Dockless bike-sharing’s impact on mode substitution and influential factors: Evidence from Beijing, China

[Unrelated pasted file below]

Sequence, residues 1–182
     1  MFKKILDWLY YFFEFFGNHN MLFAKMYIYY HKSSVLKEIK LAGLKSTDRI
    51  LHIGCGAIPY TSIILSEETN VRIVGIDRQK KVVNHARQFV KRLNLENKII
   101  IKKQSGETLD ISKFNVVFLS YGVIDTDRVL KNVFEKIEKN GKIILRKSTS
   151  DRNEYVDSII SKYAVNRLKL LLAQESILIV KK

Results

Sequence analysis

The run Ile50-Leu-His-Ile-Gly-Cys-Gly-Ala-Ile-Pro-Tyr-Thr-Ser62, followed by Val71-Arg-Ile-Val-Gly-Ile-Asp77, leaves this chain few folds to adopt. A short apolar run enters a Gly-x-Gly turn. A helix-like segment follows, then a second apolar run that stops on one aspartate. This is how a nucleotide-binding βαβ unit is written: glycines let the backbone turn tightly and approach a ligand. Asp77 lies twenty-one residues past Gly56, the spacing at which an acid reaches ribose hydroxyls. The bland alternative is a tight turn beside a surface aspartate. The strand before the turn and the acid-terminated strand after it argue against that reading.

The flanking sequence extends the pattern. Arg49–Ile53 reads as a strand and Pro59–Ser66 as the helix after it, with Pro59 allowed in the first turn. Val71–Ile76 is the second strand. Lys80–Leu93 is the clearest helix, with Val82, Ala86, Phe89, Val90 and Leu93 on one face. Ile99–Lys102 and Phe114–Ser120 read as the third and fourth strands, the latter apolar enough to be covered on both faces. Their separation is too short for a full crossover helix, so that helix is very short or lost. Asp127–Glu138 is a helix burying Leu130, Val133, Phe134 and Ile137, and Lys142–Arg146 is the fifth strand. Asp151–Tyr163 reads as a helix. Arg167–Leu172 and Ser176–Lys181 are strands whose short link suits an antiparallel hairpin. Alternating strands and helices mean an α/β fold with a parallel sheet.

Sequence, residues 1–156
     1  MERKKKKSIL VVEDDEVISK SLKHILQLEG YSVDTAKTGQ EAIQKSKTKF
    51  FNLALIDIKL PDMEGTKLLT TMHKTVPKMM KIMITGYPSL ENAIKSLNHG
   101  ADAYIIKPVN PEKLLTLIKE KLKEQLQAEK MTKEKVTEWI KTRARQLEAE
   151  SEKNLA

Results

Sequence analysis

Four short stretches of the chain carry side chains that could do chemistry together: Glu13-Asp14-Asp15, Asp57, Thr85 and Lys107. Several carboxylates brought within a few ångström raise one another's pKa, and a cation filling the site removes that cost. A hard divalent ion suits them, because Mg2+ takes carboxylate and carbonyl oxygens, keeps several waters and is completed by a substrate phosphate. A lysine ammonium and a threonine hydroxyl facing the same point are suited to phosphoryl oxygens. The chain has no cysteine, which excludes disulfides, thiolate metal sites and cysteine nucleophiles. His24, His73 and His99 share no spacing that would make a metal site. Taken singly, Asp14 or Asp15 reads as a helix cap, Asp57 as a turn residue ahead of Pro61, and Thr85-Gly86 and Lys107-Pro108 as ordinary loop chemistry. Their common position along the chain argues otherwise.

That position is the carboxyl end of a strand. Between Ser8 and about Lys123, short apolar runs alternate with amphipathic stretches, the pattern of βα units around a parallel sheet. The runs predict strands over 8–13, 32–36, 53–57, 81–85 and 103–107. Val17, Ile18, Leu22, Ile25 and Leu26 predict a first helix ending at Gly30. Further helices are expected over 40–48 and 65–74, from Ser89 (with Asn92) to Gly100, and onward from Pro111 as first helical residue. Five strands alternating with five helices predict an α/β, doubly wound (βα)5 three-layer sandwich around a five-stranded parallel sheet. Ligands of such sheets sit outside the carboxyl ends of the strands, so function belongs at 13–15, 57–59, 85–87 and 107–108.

As a newly emerged bike-sharing system, dockless bike-sharing has the potential to positively influence urban mobility by encouraging active cycling and drawing users from car, public transit and walking. However, scant empirical research explores the extent to which dockless bike-sharing replaces other travel modes for different travel purposes. There is a lack of knowledge about how dockless bike-sharing users’ personal characteristics and neighborhood environment features influence their mode substitution behaviors. Using survey data collected from residents in Beijing and geodata of land use and public transit, we conduct four multinomial logistic models to explore potential mode-substitution behaviors influenced by dockless bike-sharing for four travel purposes: work or education commuting, sports and leisure, grocery shopping, and recreational activities such as shopping, eating and drinking. The results indicate that, for the majority of respondents, dockless bike-sharing systems potentially substitute for walking or public transit. In addition, our analysis of travel attitudes points out that dockless bike-sharing not only attracts bicycle lovers but also users with a preference or positive attitude toward other travel modes. The positive association between the length of bicycle paths and the likelihood of potentially replacing public transit or motorized vehicles by dockless bike-sharing also reveals that the cycling infrastructure of residential neighborhood could be an important facilitator for users of public transit and motorized vehicles to switch to dockless bike-sharing systems.
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